I feel tallest with the people who know me best - who know the short temper, the impatience, the reservation, the pessimism and also the level-headedness, the kindness, the open-mindedness and the integrity I hold within me.
11. What extra-curricular activities/hobbies are you most proud of? Why?
Writing and Dungeons & Dragons, because doing these two things requires me to be kinder and more engaged than I normally am.
12. What do you want to be when you grow up? Future goals?
I don't think about the future too much, because I get too caught up in the fear. The only goal I have is to be financially self-sufficient and comfortable. Anything else that happens will be a pleasant surprise.
13. What fears are you still hoping to overcome?
The fear of the future. The fear of being the most pessimistic and bitter version of myself.
14. Anything you'd do differently, if you had another go at life?
I'd probably spend less of my teenage years worrying about people who didn't want to be friends with me.
15. What inspires you?
I'm inspired by what a person can be when they learn to overcome their own worst impulses.
16. What are you hopeful about?
I'm hopeful about the change that can be enacted by living your life trying to minimize the harm you do. I'm hopeful that the future is better than the past.
17. What are some ingredients to a good life?
Self-awareness, kindness and a commitment to doing better.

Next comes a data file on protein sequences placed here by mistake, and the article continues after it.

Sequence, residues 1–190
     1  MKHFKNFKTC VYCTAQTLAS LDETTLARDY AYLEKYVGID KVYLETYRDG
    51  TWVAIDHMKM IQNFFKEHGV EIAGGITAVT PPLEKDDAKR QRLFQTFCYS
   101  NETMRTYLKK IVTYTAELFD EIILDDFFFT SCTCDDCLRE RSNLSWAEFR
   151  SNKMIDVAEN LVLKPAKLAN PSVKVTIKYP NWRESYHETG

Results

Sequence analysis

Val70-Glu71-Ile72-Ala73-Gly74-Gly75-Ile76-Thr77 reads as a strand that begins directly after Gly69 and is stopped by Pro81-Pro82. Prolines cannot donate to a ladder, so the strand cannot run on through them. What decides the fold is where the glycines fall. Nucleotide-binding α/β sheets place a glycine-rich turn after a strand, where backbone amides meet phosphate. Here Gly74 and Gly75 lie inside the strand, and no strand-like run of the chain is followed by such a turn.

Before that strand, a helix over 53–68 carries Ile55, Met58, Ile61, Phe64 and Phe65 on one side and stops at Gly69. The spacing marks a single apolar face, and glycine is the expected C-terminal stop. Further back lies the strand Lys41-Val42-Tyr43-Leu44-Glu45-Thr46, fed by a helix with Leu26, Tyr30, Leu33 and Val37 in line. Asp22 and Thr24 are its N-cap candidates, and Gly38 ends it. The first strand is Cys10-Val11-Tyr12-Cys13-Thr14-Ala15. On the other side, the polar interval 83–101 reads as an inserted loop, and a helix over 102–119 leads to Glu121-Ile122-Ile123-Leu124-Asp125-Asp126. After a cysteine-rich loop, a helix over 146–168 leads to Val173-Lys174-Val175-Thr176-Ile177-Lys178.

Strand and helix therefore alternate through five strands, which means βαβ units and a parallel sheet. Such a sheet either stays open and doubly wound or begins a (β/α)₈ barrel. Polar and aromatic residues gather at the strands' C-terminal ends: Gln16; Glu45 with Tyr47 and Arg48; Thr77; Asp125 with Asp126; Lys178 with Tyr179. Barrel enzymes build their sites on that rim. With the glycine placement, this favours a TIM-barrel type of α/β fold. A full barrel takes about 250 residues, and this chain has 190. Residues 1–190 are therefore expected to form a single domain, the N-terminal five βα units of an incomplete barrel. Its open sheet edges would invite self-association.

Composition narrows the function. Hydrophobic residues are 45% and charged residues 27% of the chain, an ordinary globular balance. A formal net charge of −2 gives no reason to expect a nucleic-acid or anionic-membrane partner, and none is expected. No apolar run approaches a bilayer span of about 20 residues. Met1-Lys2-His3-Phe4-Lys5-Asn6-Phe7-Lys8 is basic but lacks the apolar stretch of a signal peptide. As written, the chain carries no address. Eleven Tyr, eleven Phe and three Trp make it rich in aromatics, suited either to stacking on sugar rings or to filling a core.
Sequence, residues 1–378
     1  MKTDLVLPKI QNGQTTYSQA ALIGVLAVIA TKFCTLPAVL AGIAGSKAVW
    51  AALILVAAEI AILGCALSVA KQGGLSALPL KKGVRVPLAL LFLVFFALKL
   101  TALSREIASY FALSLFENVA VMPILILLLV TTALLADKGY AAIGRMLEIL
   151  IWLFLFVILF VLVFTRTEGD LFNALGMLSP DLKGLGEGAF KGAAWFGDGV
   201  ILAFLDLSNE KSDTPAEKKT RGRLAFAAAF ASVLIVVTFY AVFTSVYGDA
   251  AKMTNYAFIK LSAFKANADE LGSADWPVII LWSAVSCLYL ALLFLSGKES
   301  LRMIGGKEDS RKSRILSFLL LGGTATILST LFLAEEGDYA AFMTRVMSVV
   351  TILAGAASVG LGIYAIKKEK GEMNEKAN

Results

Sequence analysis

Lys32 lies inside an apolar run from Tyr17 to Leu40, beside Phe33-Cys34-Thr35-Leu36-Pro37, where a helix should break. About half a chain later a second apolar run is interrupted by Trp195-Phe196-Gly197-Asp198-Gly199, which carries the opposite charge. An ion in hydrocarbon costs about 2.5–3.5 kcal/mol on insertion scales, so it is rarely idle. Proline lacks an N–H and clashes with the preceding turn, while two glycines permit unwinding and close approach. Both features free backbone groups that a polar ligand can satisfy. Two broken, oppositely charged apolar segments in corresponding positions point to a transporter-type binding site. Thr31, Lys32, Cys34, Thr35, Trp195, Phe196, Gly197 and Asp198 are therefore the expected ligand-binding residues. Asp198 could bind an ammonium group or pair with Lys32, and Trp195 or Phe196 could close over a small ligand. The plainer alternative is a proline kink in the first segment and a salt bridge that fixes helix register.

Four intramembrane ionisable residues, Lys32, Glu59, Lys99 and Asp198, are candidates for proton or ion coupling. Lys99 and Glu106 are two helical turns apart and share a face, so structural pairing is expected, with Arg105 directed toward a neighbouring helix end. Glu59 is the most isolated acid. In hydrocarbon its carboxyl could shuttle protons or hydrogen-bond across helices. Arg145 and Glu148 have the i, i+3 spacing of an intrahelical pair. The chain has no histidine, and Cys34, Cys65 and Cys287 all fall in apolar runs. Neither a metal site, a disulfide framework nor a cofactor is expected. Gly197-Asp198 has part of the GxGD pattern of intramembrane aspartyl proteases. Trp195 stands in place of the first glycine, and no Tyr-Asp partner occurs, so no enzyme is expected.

18. What advice would you give your 14-year-old self?
You can be painfully introverted but that doesn't mean you have to shut people out. Try talking to someone. People are much nicer than you'd expect, and if they aren't, you're smart enough to know when someone isn't worth it.
19. What are you reading now? (what books do you gift most and what are your favourite reads?)
I just finished reading 'Pro: Reclaiming Abortion Rights' by Katha Politt. It's a great overview of the state of abortion laws in America and the ideologies committed to dismantling it.
I like a lot of books but if I had to mention the two which had the most significant effect on me, it would be 'Incognito: The Secret Lives of the Brain' by David Eagleman, 'Unfinished Business: Women, Men, Work, Family' by Anne-Marie Slaughter and 'The Algebra of Infinite Justice' by Arundhati Roy.
Each of these books, in their own ways, entirely reframed how I thought about things I had always taken for granted.
20. Who is a WOW Woman in your world who inspires you and why? Can you nominate three (or more) women you know who perfectly fit WOW WOMAN description? What would you tell them if you had an opportunity, of why you admire them?
I'd nominate my three sisters and my best friend. In each of their own ways, they embody perseverance and commitment. Just the will to stick to something, whether it's for the sole purpose of survival or to be better and more complete as human beings. Things haven't been easy for any of them, but they do things their own way and on their own terms. They accept the consequences (sometimes awful ones) and they carry on.
21. Where can others find you/your work (links to websites, blogs, etc.)?
My Instagram is mufti_hazel_amin and should only be viewed with the strict understanding that nothing on it is to be taken seriously. It's genuinely annoying.